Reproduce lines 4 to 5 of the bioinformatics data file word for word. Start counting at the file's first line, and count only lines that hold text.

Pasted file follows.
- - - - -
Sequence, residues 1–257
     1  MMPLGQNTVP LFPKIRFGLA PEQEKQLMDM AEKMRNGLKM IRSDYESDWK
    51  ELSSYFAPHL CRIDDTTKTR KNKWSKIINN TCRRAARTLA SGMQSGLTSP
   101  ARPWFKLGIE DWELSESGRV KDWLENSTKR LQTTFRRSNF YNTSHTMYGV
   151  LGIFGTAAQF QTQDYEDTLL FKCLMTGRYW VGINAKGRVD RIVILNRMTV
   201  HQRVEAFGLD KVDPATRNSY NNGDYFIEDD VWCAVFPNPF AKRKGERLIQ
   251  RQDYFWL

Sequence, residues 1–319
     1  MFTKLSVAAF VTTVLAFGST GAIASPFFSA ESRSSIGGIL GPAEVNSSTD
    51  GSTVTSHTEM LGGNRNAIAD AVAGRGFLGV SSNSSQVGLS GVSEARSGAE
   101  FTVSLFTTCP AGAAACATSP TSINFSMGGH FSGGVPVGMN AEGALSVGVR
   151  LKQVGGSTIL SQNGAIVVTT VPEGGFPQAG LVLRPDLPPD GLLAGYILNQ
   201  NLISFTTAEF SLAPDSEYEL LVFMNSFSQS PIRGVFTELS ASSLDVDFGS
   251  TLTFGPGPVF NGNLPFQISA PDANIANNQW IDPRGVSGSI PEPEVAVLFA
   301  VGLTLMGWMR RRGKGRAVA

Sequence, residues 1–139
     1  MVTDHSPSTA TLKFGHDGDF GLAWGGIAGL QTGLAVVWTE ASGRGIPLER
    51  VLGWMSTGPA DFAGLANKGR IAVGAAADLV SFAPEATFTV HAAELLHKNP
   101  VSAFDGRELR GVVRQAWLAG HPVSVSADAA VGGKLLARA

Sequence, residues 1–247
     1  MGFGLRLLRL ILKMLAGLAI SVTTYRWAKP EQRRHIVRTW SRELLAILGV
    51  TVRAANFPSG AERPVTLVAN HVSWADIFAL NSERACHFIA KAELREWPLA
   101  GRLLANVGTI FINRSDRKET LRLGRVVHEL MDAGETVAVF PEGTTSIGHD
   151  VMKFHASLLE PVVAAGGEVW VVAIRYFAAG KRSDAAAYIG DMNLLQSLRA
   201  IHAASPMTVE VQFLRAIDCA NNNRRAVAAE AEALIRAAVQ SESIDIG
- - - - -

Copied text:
   101  ARPWFKLGIE DWELSESGRV KDWLENSTKR LQTTFRRSNF YNTSHTMYGV
   151  LGIFGTAAQF QTQDYEDTLL FKCLMTGRYW VGINAKGRVD RIVILNRMTV